Bill to prevent conflict of interest in government submitted to parliament
MOSCOW, March 7 (RAPSI) – In the government's latest effort to curb official corruption, it has submitted amendments to the State Duma that would strengthen Russia's current law on official conflicts of interest, the cabinet said on its website Friday.
The bills will set out measures to prevent or resolve the conflicts of interest in which federal and regional officials are involved, says an explanatory note to the package.
The Labor Ministry has drafted the bills to amend a number of laws and to introduce a common definition of the term “conflict of interest.” According to the explanatory note, a civil servant's vested interest in a project will be considered a reason for the Board of the Presidential Council for Countering Corruption to convene a meeting to discuss the said official's compliance with the requirements.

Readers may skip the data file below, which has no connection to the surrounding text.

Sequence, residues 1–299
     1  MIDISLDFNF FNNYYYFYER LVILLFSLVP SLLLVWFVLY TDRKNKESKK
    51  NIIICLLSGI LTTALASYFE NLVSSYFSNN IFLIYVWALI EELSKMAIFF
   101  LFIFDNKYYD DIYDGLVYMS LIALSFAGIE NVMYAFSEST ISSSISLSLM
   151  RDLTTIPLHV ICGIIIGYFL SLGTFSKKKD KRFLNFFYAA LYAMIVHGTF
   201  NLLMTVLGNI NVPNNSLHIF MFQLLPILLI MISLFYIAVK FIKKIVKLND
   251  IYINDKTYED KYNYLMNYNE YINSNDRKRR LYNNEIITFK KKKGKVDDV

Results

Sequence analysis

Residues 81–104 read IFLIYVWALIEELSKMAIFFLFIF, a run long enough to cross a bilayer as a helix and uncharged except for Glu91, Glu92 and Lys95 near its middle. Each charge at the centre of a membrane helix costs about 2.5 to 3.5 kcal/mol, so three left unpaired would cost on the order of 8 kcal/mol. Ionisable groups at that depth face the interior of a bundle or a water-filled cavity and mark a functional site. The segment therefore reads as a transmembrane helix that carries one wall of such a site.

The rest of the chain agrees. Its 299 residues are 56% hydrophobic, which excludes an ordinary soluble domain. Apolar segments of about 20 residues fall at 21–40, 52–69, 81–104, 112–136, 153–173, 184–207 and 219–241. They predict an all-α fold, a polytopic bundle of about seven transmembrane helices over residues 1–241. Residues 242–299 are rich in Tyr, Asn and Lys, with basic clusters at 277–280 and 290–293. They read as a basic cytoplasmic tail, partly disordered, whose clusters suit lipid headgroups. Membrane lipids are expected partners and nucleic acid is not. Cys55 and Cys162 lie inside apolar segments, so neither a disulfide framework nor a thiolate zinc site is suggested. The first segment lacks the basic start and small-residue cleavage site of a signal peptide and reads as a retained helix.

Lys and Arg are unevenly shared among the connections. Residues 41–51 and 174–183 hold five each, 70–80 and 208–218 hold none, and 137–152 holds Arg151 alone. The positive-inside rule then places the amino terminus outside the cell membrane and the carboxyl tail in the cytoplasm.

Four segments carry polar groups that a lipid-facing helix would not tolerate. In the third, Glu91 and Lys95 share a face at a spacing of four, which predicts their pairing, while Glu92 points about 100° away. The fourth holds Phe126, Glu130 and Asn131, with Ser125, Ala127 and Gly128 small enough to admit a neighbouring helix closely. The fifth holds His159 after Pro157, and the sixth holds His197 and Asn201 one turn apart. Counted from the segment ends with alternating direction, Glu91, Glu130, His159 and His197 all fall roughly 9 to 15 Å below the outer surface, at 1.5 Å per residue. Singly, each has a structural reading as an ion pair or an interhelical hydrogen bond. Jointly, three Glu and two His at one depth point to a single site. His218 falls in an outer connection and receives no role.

An analysis of state agencies made by the Labor Ministry in February has shown that over the past two years 8,500 Russian officials have violated anti-corruption legislation.
Chief Investigator Alkesandr Bastrykyn said in late February that the number of corruption cases opened by the Investigative Committee in 2013 grew 30%. According to Bastrykyn, last year, investigators received more than 45,000 complaints about instances of corruption. 28,000 criminal cases were initiated, which is 10,000 more than in 2012.
In 2013 , over 1,600 Russian lawmakers and heads of local government bodies have been indicted for corruption over the past two years, according to Chief Investigator Bastrykin. Corruption-related offenses caused the state about nine billion rubles' worth of damages during this period.
Russia was rated 133 out of 178 countries by international watchdog Transparency International in 2012, and corruption remains endemic, despite a government-led campaign to wipe it out.